Every year, InterVarsity sends thousands of students on urban and global projects. And, every summer, I try to visit one. In July, seven trustees, two spouses and a trustee’s adult son joined Mary and me for eight days in Mongolia. We were also joined by Tom Lin, InterVarsity's Vice President for Missions, and his wife Nancy. It was truly an amazing experience.
Our host was the Fellowship of Christian Students (FCS of Mongolia, a sister member in the International Fellowship of Evangelical Students (IFES). Planted in the late 1990s by Korean IFES staff, FCS grew quickly after the Lins joined the team in 2001 as a part of InterVarsity's Link program. The photo above shows Mongolian, Korean, and American Link staff - past and present.
Unlike past trustee trips where we have visited American student teams, this time we were the ministry team. Our team served as the program staff for an FCS alumni camp, giving plenary talks, leading seminars and meeting one-on-one with alumni. Typically, fifty or so participate in these annual events. This year, that figure doubled.
I loved watching our trustees in action – Katherine Barnhart speaking on lordship, Elizabeth Nielsen on family, Larry Langdon on business, Ken Elzinga on education, and Greg Smith on life balance. Ron Williams, Eric Nielsen, Bill Gates and Susan Gates led group exercises. Special thanks to former Link staff, Chris Loose, who coordinated logistics.
Though we spoke no Mongolian and most FCS alumni possessed limited English, we found ways to communicate. Thirty babies amongst the Mongolian staff certainly helped break the ice.
First, the power of the Gospel to impact all cultures continues to amaze me. When Mongolia gained independence from the USSR in 1990, there were no known Christians. Zero. Today, the figure stands at about 65,000.
As we worshipped together, I recognize none of the songs. The tunes and lyrics were all Mongolian. It is exciting to watch an indigenous movement develop.
Second, Mongolian believers pay a real price for their faith. Most deal with varying degrees of ostracism from their families. Several of the young women have passed on marriage opportunities to Buddhist men, facing the prospect of lifetime singleness in a society that prizes marriage and children. In addition, all feel a sense of isolation in a culture that views their faith as “outside” or “odd.”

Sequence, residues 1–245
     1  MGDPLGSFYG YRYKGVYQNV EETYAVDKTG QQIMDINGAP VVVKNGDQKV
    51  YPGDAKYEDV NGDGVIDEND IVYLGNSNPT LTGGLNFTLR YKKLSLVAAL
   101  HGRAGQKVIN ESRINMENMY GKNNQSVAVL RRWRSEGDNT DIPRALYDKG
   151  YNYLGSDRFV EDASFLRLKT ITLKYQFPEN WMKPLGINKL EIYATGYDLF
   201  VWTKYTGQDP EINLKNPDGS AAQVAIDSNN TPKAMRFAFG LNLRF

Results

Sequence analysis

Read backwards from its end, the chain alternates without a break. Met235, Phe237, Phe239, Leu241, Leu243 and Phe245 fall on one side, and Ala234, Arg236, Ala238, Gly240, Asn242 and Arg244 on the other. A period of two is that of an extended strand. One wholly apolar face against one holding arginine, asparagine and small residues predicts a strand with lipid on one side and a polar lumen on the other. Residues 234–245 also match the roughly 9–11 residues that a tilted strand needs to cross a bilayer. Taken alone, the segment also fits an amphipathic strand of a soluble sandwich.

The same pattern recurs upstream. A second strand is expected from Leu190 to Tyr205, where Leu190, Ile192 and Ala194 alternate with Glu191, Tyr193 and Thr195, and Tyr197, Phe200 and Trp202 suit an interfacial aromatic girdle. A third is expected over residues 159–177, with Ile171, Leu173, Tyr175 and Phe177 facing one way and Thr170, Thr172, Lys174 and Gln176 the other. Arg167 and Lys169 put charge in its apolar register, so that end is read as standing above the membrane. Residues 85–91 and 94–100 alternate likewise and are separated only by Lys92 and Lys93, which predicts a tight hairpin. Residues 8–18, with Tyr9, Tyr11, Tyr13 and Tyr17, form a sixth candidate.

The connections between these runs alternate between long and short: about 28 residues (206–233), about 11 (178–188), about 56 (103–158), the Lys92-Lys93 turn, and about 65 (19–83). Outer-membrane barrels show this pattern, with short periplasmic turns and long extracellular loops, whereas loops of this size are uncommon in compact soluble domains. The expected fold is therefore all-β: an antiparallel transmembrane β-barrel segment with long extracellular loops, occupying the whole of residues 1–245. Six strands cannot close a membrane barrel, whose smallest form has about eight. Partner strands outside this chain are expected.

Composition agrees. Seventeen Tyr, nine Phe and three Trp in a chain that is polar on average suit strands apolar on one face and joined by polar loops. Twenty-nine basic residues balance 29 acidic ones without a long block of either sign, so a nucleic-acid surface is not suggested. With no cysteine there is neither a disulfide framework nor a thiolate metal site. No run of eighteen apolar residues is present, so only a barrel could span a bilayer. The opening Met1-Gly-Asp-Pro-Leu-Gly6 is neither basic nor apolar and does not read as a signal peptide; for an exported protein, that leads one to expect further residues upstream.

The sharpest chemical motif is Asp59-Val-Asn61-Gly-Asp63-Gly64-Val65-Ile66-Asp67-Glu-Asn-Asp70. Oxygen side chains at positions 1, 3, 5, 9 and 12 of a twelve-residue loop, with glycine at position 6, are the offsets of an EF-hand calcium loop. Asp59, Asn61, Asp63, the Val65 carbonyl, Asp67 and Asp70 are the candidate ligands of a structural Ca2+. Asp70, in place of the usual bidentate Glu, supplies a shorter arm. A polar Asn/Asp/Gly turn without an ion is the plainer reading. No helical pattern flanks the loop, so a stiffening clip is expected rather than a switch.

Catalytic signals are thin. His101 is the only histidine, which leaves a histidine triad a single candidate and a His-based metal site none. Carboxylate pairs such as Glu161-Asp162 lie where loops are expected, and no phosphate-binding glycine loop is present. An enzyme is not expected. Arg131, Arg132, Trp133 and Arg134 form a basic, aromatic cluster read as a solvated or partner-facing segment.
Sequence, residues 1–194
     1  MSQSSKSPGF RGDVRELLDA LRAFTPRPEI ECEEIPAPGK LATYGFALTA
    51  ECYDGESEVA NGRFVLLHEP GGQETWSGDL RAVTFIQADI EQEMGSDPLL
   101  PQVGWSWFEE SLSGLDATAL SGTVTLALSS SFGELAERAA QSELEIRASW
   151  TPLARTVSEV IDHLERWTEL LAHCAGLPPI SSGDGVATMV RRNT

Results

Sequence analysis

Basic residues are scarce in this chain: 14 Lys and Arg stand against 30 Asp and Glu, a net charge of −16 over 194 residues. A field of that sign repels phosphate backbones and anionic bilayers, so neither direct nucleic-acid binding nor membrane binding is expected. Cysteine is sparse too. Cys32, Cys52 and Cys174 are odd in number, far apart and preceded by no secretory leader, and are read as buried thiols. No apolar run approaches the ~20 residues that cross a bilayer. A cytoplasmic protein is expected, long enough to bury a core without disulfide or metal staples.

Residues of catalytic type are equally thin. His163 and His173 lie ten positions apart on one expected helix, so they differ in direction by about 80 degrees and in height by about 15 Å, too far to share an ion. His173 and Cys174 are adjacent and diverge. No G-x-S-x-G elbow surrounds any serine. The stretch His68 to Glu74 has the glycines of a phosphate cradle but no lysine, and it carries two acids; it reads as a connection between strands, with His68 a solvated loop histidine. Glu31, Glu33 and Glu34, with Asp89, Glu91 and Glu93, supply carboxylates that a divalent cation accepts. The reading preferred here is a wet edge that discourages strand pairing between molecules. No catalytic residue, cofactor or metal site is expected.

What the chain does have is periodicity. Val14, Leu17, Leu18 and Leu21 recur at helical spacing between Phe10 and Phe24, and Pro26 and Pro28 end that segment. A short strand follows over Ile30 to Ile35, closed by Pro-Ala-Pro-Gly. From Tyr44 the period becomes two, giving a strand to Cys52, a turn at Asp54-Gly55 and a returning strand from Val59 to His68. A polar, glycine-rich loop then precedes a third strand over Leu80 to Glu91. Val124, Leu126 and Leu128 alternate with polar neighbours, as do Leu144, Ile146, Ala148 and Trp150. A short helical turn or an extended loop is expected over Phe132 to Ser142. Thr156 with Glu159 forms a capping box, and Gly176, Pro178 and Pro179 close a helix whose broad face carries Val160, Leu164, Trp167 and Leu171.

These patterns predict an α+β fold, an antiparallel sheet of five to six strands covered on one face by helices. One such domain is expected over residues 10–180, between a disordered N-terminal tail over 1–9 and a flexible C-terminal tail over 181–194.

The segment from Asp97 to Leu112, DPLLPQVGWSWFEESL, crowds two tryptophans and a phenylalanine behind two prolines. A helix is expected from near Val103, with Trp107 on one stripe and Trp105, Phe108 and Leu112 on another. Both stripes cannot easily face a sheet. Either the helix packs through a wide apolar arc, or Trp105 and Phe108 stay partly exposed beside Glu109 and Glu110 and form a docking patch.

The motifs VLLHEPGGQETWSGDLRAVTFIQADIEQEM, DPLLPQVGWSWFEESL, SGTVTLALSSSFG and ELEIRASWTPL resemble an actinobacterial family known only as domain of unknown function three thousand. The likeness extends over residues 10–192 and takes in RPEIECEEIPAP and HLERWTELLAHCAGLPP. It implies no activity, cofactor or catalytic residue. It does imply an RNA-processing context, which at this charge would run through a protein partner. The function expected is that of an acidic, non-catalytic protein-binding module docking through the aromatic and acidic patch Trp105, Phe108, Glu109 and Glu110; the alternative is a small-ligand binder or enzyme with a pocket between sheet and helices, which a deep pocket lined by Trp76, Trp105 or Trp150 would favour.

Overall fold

Third, my regard for InterVarsity Link staff skyrocketed. When Tom and Nancy Lin moved to Mongolia twelve years ago, electricity was irregular, medical care sketchy, and transportation suspect. Ulan Bator is the coldest capital city in the world with temperatures often sinking below minus 40 degrees. The sacrifices they made are staggering.
Fourth, my respect for IFES continues to grow. Mongolian Christian groups tend to run in two circles – Korean and Western. Unfortunately, these groups don’t intersect much. When IFES planted FCS, however, a decision was made to make it a joint Korean-American effort. As a result, the FCS has a strong three-ply chord that gives the movement a unique identity. I enjoyed watching Tom and his Korean counterpart, Mr. Park speaking in Mongolian.
Finally, FCS suffers from a lack of male leaders. Currently, all FCS staff are female. Male passivity in ministry is regrettably far too common in the global church. A better gender balance is sorely wanted.
Here are some photos - enjoy!
Our Global Project Team (photo by Nancy Lin). Our lovely campsite: how green was my valley.
Wowing the guy in the pink shirt. With her art skills and cross-cultural savvy, my wife Mary made many friends.
Trustee Ron Williams and friend in a self-photo. Babies galore. Susan Gates snuggling with a new friend.
Sleeping in a ger: home sweet home! Genghis Khan circa 1225 A.D - still casting a large shadow.